This does make sense, of course – the problem is that not all of us have the time to buy food for every beggar who approaches us on the street. Giving them money is far quicker – lazier, perhaps, but we all have lives to lead. Also, I’m not sure if I could feel comfortable walking past every homeless person on the street and never giving them money directly in the hope that homeless charities were taking up the slack. I haven’t the knowledge to discuss the economics of this, nor do I intend to; it’s just that personally I can’t always follow the ‘cruel to be kind’ approach on this issue.
Furthermore, I have to admit that I personally don’t care that much what the recipient spends my change on. The comedian Steve Hughes put it quite well, if flippantly, when he explained why he prefers giving directly to homeless people rather than larger charities: “I know exactly where my money is going, to this bloke with three socks and no shoes…. and now it’s going to the off-licence!” I have a similar attitude. The homeless are living through what must be a terribly humiliating, soul-draining time of their life. If booze or smack relieves the pain, if only for a little while, then I will leave that choice up to them. In any case, acts of kindness from a stranger can really brighten someone’s existence. I can’t imagine what it must be like to be ignored and avoided by everybody around you – surely even a brief ray of kindness might lighten up their day?
Moving on somewhat, I would ask whether you ‘prioritise’ certain beggars over others. I do not mean on a personal level, but would you be more inclined to give depending on the way they approach you? In my case, I feel more inclined to give to those who either sell the Big Issue or who are very polite and not forceful; on the other hand, I get irritated with those who show you their various ailments or claim urgent medical need – a need they repeat when they ask you again two weeks later, proving it to be something of a lie. Personally I do not need a half-baked reason to give – I will do so simply on the basis of someone being homeless, not due to any possible other reason. Perhaps some are more inclined to give to those they see with physical ailments – I don’t know. It certainly is not a tactic that works with me, but perhaps I am the exception rather than the rule.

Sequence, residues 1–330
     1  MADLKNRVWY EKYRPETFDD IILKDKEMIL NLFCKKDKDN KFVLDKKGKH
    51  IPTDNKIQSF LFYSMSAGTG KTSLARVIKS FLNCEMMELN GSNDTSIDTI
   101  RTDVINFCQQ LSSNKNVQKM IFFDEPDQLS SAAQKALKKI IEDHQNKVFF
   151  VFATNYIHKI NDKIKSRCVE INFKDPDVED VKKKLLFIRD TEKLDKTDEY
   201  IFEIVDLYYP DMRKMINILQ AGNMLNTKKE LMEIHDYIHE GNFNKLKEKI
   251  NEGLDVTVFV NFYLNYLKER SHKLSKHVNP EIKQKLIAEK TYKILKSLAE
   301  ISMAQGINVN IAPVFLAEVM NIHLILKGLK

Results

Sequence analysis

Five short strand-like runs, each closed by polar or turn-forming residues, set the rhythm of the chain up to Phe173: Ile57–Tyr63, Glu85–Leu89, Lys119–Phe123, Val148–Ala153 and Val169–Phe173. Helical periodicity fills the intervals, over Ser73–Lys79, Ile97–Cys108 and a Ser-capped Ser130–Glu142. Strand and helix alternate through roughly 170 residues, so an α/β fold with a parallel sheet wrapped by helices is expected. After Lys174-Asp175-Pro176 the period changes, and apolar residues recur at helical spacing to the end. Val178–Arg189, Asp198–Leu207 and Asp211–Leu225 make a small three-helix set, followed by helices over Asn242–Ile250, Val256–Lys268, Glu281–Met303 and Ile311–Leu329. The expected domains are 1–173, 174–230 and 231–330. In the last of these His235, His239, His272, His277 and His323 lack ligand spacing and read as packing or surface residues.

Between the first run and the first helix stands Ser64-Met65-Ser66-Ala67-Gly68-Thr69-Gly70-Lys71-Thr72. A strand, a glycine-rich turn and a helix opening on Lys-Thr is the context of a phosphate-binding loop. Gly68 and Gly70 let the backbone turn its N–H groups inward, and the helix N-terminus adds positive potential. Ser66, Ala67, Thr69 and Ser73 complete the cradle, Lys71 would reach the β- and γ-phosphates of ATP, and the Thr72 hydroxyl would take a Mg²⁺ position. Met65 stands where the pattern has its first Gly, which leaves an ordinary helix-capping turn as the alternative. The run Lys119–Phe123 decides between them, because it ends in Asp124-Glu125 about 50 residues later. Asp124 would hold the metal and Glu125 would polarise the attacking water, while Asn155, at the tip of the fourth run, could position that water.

You might get the idea from this article that I am a sandal-wearing do-gooder who is strongly into volunteering and charity work. This is not the case, and I am not saying that you should always give to beggars – far from it. I certainly don’t always, though I try to do so relatively frequently. Nobody, I think, has the time or money to give to every single unfortunate soul they meet, nor are they obliged, morally or otherwise, to do so – it is their cash to use as they see fit. It is simply a case that personally, I do not accept, or cannot live by, a lot of the common arguments against giving to beggars. Maybe I’m gullible, or simply weak-willed – quite likely. Maybe I am simply being selfish and gratifying my subconscious desire to establish my social dominance, and to relieve myself of the irritation of guilt – also possible. Nevertheless, Christmas is on the horizon, and all I know is that when a homeless man comes up to me in the street and asks for spare change, I often find it hard to say no.